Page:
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Why People Are So Angry at Lenders and Servicers - Part One

Why People Are So Angry at Lenders and Servicers - Part One

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Published by Querp
For the last few years there has been a steady drumbeat of revelations about systemic problems inside the lending industry - from bailouts to bonuses. Now, with the foreclosure tsunami sweeping owners out of their homes, the banks, in their role as "servicers," are getting into the act. To date, however, these industries seem to have a tin ear to the widespread criticism and ill-will they are generating.
For the last few years there has been a steady drumbeat of revelations about systemic problems inside the lending industry - from bailouts to bonuses. Now, with the foreclosure tsunami sweeping owners out of their homes, the banks, in their role as "servicers," are getting into the act. To date, however, these industries seem to have a tin ear to the widespread criticism and ill-will they are generating.

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Published by: Querp on Apr 02, 2011
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11/27/2012

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 1
Why People Are So Angry At Lenders and Servicers(Part One)
ByPhillip C. Querin, QUERIN LAW, LLCContact Info: www.Q-Law.com 
 
The opinions expressed below are mine alone and do not necessarily reflect the opinions of my industry client, Portland Metropolitan Association of Realtors®, their officers,directors, employees or members. - PCQ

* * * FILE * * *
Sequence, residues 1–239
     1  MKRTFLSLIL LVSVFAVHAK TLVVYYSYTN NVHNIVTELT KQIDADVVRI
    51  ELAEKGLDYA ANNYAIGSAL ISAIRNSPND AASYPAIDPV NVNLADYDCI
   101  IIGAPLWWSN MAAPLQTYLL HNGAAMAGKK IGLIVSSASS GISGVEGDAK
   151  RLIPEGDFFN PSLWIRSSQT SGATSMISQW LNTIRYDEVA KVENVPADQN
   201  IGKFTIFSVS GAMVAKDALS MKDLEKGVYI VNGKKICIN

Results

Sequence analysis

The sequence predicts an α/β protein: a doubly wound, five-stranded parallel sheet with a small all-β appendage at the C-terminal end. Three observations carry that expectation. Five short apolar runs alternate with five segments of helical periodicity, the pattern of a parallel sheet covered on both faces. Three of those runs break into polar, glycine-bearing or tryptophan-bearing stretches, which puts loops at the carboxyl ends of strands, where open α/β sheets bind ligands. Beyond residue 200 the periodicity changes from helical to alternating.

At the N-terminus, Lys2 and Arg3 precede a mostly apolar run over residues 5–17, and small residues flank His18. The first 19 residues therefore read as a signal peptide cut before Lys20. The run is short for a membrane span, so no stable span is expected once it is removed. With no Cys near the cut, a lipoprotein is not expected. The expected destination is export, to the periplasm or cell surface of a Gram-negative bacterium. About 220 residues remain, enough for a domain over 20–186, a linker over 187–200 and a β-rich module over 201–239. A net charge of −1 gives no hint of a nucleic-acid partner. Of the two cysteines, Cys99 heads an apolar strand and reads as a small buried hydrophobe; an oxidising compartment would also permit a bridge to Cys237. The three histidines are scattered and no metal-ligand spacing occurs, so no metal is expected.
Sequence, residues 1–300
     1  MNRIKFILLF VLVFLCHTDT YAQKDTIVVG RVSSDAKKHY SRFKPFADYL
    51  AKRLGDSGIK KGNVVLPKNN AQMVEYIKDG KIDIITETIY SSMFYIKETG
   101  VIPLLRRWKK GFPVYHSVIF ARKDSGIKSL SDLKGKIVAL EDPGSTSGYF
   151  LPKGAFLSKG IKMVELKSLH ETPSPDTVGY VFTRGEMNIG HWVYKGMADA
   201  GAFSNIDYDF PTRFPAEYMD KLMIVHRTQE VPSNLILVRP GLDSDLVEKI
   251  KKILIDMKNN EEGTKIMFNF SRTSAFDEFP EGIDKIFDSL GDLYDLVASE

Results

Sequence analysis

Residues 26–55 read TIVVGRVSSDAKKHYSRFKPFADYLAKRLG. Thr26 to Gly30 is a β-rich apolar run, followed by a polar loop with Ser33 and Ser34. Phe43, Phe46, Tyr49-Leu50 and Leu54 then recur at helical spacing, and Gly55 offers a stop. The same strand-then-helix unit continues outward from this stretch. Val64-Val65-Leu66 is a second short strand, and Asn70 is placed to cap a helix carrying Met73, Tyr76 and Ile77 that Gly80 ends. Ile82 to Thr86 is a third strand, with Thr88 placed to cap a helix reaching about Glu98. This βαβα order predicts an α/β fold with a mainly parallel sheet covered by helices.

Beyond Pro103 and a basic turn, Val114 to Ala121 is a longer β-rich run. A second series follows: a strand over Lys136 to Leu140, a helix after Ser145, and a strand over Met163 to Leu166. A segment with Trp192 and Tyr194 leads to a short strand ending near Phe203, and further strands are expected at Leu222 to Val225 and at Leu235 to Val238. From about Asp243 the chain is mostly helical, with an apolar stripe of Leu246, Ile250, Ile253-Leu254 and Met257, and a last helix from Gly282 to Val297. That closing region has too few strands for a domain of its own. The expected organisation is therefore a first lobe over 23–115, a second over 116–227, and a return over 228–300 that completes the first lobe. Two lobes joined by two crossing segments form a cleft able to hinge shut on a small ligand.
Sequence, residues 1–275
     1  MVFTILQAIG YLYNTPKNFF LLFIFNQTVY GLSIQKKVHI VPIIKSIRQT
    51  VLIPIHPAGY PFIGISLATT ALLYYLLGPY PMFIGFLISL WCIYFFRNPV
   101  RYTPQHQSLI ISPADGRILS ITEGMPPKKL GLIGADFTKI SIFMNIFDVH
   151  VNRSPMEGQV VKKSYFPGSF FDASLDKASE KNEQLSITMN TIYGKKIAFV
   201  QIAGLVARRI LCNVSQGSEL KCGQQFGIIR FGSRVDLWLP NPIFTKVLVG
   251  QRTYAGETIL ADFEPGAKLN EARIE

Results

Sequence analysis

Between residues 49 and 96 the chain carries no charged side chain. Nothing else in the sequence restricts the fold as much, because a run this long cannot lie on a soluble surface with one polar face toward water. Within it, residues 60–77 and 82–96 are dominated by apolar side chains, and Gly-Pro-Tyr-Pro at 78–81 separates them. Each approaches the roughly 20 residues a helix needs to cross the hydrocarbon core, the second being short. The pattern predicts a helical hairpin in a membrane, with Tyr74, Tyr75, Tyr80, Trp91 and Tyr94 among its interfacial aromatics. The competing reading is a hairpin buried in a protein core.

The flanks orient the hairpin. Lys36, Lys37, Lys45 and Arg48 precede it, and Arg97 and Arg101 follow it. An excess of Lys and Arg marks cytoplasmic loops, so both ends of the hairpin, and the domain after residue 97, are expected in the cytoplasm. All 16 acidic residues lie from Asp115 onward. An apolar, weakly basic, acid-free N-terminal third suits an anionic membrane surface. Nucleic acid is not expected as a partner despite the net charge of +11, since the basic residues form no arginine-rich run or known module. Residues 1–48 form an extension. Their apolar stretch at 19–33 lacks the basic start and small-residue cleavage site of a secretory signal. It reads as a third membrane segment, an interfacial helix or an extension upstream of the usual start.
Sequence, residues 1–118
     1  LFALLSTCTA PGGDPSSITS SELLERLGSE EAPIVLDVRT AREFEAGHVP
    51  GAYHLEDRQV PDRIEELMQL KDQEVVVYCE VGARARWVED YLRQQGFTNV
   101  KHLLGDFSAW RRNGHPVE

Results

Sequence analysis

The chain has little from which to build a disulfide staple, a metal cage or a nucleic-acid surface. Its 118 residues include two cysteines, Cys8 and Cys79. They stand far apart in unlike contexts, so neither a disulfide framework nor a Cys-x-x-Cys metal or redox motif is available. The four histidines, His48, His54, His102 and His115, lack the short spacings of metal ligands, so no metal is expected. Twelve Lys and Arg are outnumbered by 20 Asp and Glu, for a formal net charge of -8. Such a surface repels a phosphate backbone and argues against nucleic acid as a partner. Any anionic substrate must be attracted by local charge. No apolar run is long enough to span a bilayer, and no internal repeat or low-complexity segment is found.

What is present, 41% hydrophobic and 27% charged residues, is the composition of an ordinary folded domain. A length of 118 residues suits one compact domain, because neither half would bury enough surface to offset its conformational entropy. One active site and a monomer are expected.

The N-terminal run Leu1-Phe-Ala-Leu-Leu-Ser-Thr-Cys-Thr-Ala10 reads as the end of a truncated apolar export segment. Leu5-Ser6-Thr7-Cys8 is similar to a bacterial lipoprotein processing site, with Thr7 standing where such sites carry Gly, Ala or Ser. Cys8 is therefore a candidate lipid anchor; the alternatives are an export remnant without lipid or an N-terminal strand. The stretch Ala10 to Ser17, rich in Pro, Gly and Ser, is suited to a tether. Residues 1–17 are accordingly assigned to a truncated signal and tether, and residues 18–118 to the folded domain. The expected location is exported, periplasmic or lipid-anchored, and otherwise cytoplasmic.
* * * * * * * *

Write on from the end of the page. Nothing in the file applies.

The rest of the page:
Although some may disagree, the origins of the current housing and credit crisis can be traced directlyback to the explosion of the securitization industry in the early years of this decade. For those
interested in an enlightening expose’ of this issue, watch the recent Oscar
-winning documentary, InsideJob. Although securitization of mortgages had been going on for several years, the process reached a feverpitch during the easy credit days, i.e. 2005
2007. Securitization is a fancy word for what Fannie and Freddie had been doing for years in the secondary market, i.e. purchasing mortgage loans, poolingthem, turning them into investment grade securities, and selling them to large investors, such aspension funds. For years the process was basically sound, in large part because these two GovernmentSponsored Enterprises placed strict limits on the loans they would purchase
these were known as
“conforming loans,” which meant that they conformed to Fannie’s and Freddie’s institutionalized
standards.Bu
t the big lenders and Wall Street decided that they wanted to create a market for “non
-
conforming”loans, so they created the “private label” secondary market.
 
Once the process got rolling, the banks’
business model did an abrupt left turn from what the marketplace had previously seen, since there wasnow a market for non-conforming, high risk loans. The result was that lenders began making muchriskier loans (i.e. low or non-
existent underwriting standards) such as the infamous, “No
-
Doc” or “Stated
Incom
e” loans.
 
“No money? 
No job? No problem.
We’ll finance 100% of your loan with 80%
and 20% piggy-back loans.
You won’t even have to pay private mortgage insurance!
 
Can’t make the monthly principal and interest 
payments? No problem.
We’ll let you pay 
interest-only or even less than interest-only! And if you find 
you really can’t afford it, you can just refinance or resell, since market appreciation will continue to makeyour home more and more valuable.” 
 
 
 2There have been many studies and commentaries on why the credit and housing markets crashed. We
heard new terms being thrown around such as
*the elimination of risk to borrowers+ and
*banks securitizing the mortgages retained no risk of the loans later going bad+.